Review: The Passenger
  A basic plot outline of The Passenger might make Robert Ludlum buffs wet with anticipation: A journalist in a war-torn African country (Jack Nicholson) switches identities with a mysterious dead man, only to learn that the man was a gun runner. With some disgruntled clients hot on his tail, our hero flees across Europe and shacks up with a hot young female student (Maria Schneider), while simultaneously hiding from his philandering wife and a business associate. Sounds like rip-roaring fun, right? Bzzt. The Passenger, now being re-released in a new restored print, was made in 1975 by director Michelangelo Antonioni, who relished turning potential potboilers into angst-filled, deliberately paced meditations on the human condition.
   Antonioni isn’t really interested in an escape narrative. He’s more concerned with the existential despair of a man who chooses to subsume his identity into that of another. Forget the gun-runners. Nicholson’s character throughout The Passenger is running from an abstraction — a sense of his own lack, perhaps, or the madness of the world around him, or just the scorching desert sun and heat. That might sound like a bunch of pretentious twaddle, but Antonioni is one of those rare filmmakers with the ability to express the seemingly inexpressible. Indeed, psychological anguish has seeped into the very aesthetic of this film — from the surreal architecture of Barcelona to the desolation of the North African desert. It’s the kind of textured, mesmerizing, and complex film almost nobody makes anymore, and it’s a joy to behold. — Bilge Ebiri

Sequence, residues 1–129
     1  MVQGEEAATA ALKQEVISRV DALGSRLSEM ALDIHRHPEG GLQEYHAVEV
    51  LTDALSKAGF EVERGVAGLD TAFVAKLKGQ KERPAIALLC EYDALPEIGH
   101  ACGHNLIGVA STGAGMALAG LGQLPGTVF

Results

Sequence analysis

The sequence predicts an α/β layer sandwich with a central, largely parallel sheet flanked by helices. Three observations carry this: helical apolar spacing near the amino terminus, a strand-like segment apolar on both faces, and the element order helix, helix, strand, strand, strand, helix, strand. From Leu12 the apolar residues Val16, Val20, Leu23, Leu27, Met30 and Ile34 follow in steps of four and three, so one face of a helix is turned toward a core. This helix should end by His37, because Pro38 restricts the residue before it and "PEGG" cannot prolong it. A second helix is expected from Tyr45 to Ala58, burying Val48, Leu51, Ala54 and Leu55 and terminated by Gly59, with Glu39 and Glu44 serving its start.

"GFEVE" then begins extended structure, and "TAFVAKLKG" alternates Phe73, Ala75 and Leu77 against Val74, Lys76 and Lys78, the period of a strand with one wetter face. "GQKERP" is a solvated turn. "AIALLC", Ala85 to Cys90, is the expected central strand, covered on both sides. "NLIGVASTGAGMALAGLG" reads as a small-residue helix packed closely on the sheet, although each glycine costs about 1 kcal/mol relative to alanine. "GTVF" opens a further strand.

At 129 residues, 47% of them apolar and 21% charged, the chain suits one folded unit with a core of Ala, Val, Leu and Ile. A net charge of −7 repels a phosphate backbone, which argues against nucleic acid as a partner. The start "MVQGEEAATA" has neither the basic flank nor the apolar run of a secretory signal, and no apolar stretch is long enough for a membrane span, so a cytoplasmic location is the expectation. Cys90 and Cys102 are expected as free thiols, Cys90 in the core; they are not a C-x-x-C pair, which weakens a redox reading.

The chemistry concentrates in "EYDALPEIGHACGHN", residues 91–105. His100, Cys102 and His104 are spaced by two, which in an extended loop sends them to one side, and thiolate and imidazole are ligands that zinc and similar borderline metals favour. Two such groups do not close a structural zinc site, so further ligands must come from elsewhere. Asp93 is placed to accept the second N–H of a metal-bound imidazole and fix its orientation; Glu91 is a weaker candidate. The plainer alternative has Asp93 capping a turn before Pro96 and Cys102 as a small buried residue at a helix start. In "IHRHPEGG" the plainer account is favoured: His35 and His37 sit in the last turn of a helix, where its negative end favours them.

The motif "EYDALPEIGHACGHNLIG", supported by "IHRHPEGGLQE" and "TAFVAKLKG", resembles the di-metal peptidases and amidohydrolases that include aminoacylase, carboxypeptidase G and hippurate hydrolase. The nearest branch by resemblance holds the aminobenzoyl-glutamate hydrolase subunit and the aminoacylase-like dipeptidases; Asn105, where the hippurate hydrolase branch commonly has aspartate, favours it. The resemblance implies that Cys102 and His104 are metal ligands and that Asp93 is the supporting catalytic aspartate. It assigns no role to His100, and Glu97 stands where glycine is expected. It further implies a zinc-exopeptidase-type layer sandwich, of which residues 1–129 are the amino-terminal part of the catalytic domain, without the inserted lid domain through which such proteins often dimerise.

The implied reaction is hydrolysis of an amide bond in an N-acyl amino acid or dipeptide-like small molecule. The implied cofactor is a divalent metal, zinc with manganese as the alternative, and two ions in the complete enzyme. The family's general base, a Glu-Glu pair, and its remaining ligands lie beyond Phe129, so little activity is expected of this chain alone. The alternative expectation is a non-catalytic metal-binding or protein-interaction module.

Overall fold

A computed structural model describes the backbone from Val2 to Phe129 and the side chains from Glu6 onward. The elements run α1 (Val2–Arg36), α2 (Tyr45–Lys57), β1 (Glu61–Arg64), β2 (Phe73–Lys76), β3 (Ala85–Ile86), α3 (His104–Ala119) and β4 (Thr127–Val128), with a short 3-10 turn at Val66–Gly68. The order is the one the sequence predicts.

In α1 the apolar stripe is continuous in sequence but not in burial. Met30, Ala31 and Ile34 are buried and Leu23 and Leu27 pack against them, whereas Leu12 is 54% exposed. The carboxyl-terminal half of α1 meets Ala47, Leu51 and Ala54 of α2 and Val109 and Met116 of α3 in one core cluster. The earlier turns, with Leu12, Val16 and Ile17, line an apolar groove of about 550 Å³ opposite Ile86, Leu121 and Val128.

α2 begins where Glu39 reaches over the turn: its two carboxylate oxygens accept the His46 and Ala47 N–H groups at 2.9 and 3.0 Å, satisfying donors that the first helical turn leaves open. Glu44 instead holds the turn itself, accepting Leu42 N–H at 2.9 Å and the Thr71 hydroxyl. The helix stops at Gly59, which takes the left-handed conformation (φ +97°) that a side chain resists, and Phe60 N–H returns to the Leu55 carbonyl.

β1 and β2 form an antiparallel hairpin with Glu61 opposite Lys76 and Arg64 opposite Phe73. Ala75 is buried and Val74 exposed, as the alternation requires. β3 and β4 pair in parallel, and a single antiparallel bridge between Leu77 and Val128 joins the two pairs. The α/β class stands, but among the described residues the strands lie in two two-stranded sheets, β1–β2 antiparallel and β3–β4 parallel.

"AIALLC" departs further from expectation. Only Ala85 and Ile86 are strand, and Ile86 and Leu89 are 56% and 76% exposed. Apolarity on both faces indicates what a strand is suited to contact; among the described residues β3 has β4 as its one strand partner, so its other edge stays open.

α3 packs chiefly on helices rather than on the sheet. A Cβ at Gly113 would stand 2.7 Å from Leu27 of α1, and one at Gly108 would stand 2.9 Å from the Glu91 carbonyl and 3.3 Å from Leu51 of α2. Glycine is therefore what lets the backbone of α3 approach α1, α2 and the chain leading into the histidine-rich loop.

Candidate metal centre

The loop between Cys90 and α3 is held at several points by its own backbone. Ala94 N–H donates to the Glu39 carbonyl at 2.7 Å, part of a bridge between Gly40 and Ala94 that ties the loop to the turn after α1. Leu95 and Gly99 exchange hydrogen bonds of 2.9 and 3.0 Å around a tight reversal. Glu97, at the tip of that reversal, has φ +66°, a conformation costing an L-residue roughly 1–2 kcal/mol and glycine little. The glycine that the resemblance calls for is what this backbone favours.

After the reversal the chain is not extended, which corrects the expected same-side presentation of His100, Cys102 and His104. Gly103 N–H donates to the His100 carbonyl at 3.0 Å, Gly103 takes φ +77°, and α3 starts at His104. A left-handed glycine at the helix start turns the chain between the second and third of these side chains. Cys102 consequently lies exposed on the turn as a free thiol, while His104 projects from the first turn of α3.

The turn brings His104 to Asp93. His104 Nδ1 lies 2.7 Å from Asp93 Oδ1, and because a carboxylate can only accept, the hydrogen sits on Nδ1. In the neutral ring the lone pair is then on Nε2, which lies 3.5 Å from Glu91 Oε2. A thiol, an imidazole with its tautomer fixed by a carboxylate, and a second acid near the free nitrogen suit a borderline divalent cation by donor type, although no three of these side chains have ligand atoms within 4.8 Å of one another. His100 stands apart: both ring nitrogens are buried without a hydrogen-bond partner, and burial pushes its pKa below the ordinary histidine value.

Review: New York Doll
The New York Dolls are legendary for their punk-pop prowess and for spawning David Johansen’s solo career as Buster Poindexter (and as the trollish cabbie from Scrooged), but I’d never seen the band’s bass player, Arthur “Killer” Kane. Given his formidable nickname, I was surprised when a man resembling Buffalo Bill — recovering alky drawl, thinning yellow mane, frumpy nose — took the screen.
   Now working with the elderly at the Mormon Family History Library, the man who laid pounding basslines for the gender-bending glam legends lives on non-rock-star wages and has a non-rock-star sex life. Despite his monotonous routine and serious player-hating of copycat bands like Poison and Twisted Sister, Kane hangs onto his dream that the Dolls may one day reunite. When Morrissey, former president of the Dolls’ fan club, is named curator of the 2004 Meltdown Festival in London, Killer’s dream comes true.